What makes Twitter? The people.


Like many people on Twitter, I go through periods of finding it distracting or pointless and sometimes even downright unpleasant.

But sometimes I sit back amazed at the power and value of social media and Twitter in particular.

Like this morning.

I awoke early, yet fully rested, and turned to Twitter on my iPad after checking the news.

What a revelation. So many people sharing so much of value. What an extraordinary privilege to be in touch with them and to be able to hear their thoughts, regardless of their location.

In a few minutes I had caught up with:
Gautam Ghosh (@GautamGhosh) on the news of the appointment of Vishal Sikka as the new Infosys CEO

Stats guru Nate Silver’s brilliant analysis of the teams in World Cup (he proves what we all know: Brazil are going to win, England will be lucky to get out of their group)

Holger Mueller’s (@holgermu) report on the SAP SapphireNow Conference

Ted Cantle’s (@TedCantle) piece in the Daily Telegraph about the issues around England’s faith schools, oversight and governance

A slew of infographics from Conrad Hackett (@conradhackett) from the latest piece in TIME about US political and social values

The grim situation in Iraq, as ISIS moves apparently unstoppably towards the capital. (Thanks to various commentators for this.)

A view in the Hindustan Times on the impact of the recent Indian elections on secularism by Samar Halarnkar (@samar11) – pointed out by Shantanu Bhattacharya (‏@shantanub)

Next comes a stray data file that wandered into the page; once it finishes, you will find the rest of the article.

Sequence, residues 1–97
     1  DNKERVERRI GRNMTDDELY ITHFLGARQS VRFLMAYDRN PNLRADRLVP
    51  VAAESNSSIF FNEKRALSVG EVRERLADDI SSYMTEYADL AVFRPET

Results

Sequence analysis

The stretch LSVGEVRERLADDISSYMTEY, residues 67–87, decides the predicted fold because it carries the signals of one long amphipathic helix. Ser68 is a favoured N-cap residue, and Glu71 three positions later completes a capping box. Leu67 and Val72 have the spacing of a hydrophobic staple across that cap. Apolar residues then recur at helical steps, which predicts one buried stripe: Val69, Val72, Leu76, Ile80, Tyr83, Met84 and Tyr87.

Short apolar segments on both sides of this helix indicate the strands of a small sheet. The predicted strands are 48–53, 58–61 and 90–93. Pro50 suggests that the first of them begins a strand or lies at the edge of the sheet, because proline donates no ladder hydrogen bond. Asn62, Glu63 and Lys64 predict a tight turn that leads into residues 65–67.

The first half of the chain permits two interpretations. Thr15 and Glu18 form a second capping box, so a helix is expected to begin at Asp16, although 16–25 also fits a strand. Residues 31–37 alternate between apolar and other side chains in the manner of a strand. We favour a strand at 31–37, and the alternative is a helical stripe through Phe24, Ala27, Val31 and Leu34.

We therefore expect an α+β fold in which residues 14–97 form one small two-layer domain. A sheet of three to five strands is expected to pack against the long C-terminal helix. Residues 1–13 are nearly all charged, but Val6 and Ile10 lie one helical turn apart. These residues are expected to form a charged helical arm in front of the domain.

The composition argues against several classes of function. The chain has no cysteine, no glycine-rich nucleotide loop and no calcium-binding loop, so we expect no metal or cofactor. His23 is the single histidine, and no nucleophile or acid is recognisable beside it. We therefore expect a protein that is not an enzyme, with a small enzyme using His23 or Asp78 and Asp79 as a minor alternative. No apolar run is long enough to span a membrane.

… and all this before breakfast!

It is easy to take all this for granted, but when I think back to information flows in the past, it just seems incredible. Whether abroad, so often reliant on the BBC World Service for news, or at home, reading the paper and watching the evening news, insight and analysis was slow and sporadic. Finding something of interest and insight was a matter of chance. Now that information has become virtually free, I am lucky enough to know some smart people on Twitter who will share great stuff and who will also – importantly – sometimes challenge my thinking.

I still read the daily paper, and a range of magazines and yes, I even listen to the World Service still from time to time, but for all its faults I wouldn’t want to be without Twitter as a doorway to an unparalleled range of resources, filtered by some very smart people all over the world.

Ultimately, this is what makes Twitter valuable – the people on it. I’ve been on Twitter for a little over 7 years, but only this morning did I realise I’d been taking the tool and the people I follow for granted. This is my moment to thank them all for the fun, thinking, challenges and resources that they’ve made available over those 7 years. In return, I’ll do my best to share the best of what I come across.

Thank you.





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